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Very few manufacturers have made it through 2020 without significant economic disruption. Many manufacturing organizations have faced significant operational challenges due to the impact of Covid-19, with some suspending production altogether in response to government restrictions or falling demand.

More than 40% of UK manufacturers saw their orders decline between 26% and 50% during the past year.

Yet manufacturers with fully automated production lines have fared better than most. Shanghai-based steel manufacturer Baoshan Iron and Steel, for example, continued operations around the clock by applying intelligent technologies like remote maintenance operations, big data, and artificial intelligence (AI).

By embracing the tenets of Industry 4.0, manufacturers can weave adaptability and resilience into their business framework — and it’s never too late to start.

What makes a smart factory?

Historically, many manufacturers have been lax in their adoption of smart technologies, but this cautious attitude has created a resistance to change that hurts productivity gains in the long run.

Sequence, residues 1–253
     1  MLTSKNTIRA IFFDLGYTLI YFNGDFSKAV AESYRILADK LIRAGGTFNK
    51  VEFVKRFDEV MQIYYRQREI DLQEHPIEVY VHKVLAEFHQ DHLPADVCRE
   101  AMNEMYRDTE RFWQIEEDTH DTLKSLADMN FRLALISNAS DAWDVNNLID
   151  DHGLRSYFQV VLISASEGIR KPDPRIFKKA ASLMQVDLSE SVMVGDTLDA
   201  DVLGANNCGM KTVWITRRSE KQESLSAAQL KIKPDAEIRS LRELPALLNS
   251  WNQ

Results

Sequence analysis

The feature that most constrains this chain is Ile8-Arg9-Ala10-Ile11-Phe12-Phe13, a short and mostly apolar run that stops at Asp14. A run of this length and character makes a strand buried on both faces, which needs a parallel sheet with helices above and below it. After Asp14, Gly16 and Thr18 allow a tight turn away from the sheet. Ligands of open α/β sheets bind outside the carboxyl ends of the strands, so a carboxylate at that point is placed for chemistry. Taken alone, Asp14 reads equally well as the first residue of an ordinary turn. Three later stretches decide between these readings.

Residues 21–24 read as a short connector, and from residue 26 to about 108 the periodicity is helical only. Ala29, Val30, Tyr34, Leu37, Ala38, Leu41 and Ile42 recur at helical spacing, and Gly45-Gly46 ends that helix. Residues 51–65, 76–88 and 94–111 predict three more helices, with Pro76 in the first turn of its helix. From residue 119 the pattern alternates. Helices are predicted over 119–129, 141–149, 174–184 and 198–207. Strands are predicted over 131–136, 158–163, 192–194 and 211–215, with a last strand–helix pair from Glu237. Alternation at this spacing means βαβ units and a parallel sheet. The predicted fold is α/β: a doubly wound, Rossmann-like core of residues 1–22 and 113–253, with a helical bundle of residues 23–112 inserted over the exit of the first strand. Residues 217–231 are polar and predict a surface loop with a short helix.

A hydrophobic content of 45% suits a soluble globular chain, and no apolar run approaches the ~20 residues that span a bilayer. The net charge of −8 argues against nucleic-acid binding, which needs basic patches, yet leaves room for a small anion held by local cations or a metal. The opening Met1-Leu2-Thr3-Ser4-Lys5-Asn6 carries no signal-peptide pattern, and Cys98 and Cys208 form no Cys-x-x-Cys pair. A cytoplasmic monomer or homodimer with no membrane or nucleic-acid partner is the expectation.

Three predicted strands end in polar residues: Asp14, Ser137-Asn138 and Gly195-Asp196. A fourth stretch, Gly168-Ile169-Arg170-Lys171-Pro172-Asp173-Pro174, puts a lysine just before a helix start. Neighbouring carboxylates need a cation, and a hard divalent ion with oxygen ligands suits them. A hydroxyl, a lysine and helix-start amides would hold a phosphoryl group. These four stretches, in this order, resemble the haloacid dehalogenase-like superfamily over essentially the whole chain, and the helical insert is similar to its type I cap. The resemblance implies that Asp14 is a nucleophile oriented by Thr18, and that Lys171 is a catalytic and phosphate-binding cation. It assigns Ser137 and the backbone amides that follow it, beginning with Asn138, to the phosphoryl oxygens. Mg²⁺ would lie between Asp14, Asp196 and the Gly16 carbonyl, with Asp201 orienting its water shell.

The cost of smart technologies may have seemed prohibitive, but now it’s a crucial investment to navigate any potential future upheavals or crises like Covid-19. While human workers are necessary for troubleshooting and supervision, smart factories allow for essentially autonomous production, enabling them to withstand widespread disruption.

Deloitte defines a smart factory as a “fully connected and flexible system—one that can use a constant stream of data from connected operations and production systems to learn and adapt to new demands.” What this means is a shift from many compartmentalized automated processes to a fully integrated process.

The aggregation and analysis of data provide the fuel to the fire for the next industrial revolution, in which smart factories are key. When everything is quantifiable, manufacturers can gain real-time insights into shop-floor processes, which can, in turn, lead to improvements big and small, including: